Directing for a dramatic curve
This project is an short experimental piece inspired by the director system from the zombie shooter Left 4 Dead. The director in L4D observes the game and controls the spawning of zombies to match dramas you usually see in movies.
I wanted to research how I could implement this system myself. I created a room generator that spawns different loot: common, uncommon, epic and legendary. My director observes what type of loot that has been spawning and changes the outcome according to a basic three act structure, with some special events. You can see an overview in the flow chart below.
Behaviour tree structure
The biggest insight from the pre-production research was the need of a behaviour tree structure for the director. The director needed to behave like an AI. This guided me to structure my code in a comprehensible way. I made a flowchart that represented the framework of the director system before implementation. I discovered some flaws beforehand because of this workflow.
The concept of near miss
This is a short description on how I implemented the concept of a near miss. I took this quote to explain the near miss from the paper "The frustrating effects of just missing the jackpot: slot machine near-misses trigger large skin conductance responses, but no post-reinforcement pauses."
"Near-misses in slot machines resemble jackpot wins but fall just short. Previous research has demonstrated that near-misses are behaviourally reinforcing despite the absence of monetary reward."
Near-misses lack the feeling of control
We know that the experience of almost getting a reward is highly engaging. The biggest problem I see with near misses is the lack of control. What if we could harness the strong engagement of near misses while still letting the player feel in control: I wanted to gamify near misses.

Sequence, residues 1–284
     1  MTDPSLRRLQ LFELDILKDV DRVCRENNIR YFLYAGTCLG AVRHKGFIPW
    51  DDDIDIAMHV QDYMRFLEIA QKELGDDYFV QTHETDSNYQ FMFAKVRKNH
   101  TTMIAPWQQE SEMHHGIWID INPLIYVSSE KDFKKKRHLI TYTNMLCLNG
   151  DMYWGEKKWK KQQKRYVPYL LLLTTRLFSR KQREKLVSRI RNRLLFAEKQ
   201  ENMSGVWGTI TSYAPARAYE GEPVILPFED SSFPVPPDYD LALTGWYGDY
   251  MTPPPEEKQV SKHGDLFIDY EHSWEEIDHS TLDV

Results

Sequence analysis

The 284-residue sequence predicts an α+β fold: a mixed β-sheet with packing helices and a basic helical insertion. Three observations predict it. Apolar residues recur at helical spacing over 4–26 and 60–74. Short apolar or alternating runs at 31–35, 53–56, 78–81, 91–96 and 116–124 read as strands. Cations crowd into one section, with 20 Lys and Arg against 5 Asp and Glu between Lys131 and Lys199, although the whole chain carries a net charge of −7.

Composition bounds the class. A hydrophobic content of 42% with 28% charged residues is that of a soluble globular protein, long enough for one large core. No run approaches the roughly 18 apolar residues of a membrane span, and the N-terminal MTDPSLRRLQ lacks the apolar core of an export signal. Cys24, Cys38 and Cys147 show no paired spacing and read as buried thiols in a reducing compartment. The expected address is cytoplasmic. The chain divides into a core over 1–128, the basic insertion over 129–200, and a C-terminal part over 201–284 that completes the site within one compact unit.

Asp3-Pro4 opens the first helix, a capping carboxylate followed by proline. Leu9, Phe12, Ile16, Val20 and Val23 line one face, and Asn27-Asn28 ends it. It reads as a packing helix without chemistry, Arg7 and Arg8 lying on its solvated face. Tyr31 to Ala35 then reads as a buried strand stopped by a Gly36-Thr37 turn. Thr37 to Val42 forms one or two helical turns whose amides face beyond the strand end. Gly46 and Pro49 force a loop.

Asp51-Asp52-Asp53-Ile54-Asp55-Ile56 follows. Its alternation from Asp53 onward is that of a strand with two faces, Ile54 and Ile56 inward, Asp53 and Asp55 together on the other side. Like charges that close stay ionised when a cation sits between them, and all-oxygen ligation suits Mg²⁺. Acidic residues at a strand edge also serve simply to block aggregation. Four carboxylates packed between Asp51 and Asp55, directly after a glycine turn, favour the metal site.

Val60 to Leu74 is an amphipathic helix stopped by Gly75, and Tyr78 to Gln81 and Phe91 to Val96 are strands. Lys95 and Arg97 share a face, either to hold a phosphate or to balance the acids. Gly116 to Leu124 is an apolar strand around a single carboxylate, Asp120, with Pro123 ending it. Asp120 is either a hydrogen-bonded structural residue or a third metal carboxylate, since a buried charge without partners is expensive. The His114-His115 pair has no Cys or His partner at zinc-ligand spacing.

My inspiration was the treasure goblins from Diablo 3. They appear randomly in the game and try to run away from you and if you kill the treasure goblin you get a great reward. You have a chance of killing them, but they try to get away. The player is usually able to kill the goblin in Diablo 3. If you make it harder to kill the treasure goblin, it would be equated to the concept of a near miss. Unlike a near-miss on a slot machine the player in my implementation could dictate the outcome with their skills instead, which creates a sense of control.
"Unlike a near-miss on a slot machine the player in my implementation could dictate the outcome with their skills instead, which creates a sense of control"
How to create a feeling of control
My implementation: I first added a warning (see the yellow that appear around the door in GIF) before you entered the room, I didn't want the player to feel unprepared and that the game had fooled them. When you enter the room, the loot will fly away into the walls to random positions around the room. The player needs to hover over the quickly disappearing loot to pick them up.
This was a short project, so it was hard for me to measure engagement with this system. My personal experience though, was a strong engagement. I felt a sense of rush when I saw the loot disappear in front of my eyes as I tried to catch it.
Debug the Director
"I think the success of a good director depends on how well designers are able to debug it."
I think the success of a good director depends on how well designers are able to debug it. I only had a simple debug solution for this piece because of scope. I made it as easy as possible to run through the game quickly. I also made some custom print functions to print out data on rolls. For example, I found that near miss events could override the legendary room at the cave-to-temple transition. If I would re do this piece I would implement the debug feature of running through the game quick earlier in production.
Print in game